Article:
Relative Clauses : Defining and Non-Defining, (Especificativas y Explicativas)

We use relative clauses to give additional information about something without starting another sentence. By combining sentences with a relative clause, your text becomes more fluent and you can avoid repeating certain words.
How to Form Relative Clauses :
Imagine, a girl is talking to Tom. You want to know who she is and ask a friend whether he knows her. You could say:
A girl is talking to Tom. Do you know the girl?
That sounds rather complicated, doesn't it? It would be easier with a relative clause:
Do you know the girl who is talking to Tom?

Relative Pronouns:

WHO: used to design people.
WHICH: used to refer to animals or things.
WHOSE: Possesion for people , animals, or things.
WHOM: object pronoun for people. (in non-defining relative clauses)
THAT: used for animals, people and things in defining relative clauses. It can substitute which or who in these sentences.
WHEN: refers to time expressions.
WHERE: refers to a place.
WHY: Refers to a reason.

Defining Relative Clauses:
(Especificativas en Español)
Defining relative clauses (also called identifying relative clauses or restrictive relative clauses) give detailed information defining a general term or expression. Defining relative clauses are not put in commas.

Imagine, Tom is in a room with five girls. One girl is talking to Tom and you ask somebody whether he knows this girl. Here the relative clause defines which of the five girls you mean.

Do you know the girl who is talking to Tom?

Defining relative clauses are often used in definitions.

A seaman is someone who works on a ship.

Object pronouns in defining relative clauses can be dropped. (Sentences with a relative clause without the relative pronoun are called Contact Clauses.)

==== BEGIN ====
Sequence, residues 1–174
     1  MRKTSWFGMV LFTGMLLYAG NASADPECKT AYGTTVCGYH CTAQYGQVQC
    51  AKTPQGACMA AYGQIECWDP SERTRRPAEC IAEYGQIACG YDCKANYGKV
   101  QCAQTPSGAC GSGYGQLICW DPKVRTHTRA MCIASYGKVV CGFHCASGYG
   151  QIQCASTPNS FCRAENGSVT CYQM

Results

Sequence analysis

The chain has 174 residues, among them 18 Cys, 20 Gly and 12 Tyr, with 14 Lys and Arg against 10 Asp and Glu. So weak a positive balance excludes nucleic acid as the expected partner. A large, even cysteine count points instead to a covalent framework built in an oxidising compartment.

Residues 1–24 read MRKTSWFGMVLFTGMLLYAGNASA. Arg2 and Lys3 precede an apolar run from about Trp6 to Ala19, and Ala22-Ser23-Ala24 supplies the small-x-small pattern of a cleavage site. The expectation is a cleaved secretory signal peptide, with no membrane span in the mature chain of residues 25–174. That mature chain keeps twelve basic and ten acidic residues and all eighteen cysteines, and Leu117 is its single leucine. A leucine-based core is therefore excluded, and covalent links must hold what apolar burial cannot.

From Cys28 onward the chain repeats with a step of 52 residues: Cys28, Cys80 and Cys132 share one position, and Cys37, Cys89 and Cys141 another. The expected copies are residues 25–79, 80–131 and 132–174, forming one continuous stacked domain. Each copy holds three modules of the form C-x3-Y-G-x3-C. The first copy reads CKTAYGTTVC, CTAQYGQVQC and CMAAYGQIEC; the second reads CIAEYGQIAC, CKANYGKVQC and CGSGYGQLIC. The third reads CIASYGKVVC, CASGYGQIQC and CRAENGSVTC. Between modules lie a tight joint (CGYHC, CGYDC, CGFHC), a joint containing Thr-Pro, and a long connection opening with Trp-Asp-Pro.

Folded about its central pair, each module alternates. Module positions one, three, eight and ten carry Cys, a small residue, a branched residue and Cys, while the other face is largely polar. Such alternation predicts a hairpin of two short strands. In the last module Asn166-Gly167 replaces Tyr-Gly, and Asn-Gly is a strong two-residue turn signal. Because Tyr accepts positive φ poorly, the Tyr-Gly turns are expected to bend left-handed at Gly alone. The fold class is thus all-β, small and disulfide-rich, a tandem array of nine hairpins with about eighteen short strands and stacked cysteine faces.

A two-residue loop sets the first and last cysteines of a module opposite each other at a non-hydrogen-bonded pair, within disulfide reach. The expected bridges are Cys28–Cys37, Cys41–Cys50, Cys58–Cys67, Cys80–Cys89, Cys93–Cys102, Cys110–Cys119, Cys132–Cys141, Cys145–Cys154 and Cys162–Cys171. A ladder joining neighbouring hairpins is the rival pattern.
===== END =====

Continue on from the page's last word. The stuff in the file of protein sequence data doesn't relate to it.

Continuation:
The boy (who/whom) we met yesterday is very nice.

Non-Defining Relative Clauses:
( Explicativas en Español)

Non-defining relative clauses (also called non-identifying relative clauses or non-restrictive relative clauses) give additional information on something, but do not define it. Non-defining relative clauses are put in commas.

Imagine, Tom is in a room with only one girl. The two are talking to each other and you ask somebody whether he knows this girl. Here the relative clause is non-defining because in this situation it is obvious which girl you mean.

Do you know the girl, who is talking to Tom?

Note: In non-defining relative clauses, who/which may not be replaced with that.

Object pronouns in non-defining relative clauses must be used.

Jim, who/whom we met yesterday, is very nice.

TEST ONE (4 ESO/ 4th course Secondary Compulsory Education in Spain)-
TEST TWO ( 1 and 2 Bachillerato/ 1st and 2nd course to attend University in Spain)
Grammar on the text: SAN FRANCISCO ( focus on relative clauses)
Grammar on the text: STONEHENGE (focus on relative pronouns)

4 comentarios:

  1. Hi, and Happy New Year! I just love this post. Relative clauses are so important. I think this is the point where you take your students to a different level. Language becomes more natural using relative clauses. It's a very important transition step and I like the way you apporach the subject. Your tests are very good too. I will link you on a future post dealing with grammar. Thanks for all the info!

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  4. Thanks for these exercises! I'm going to use them.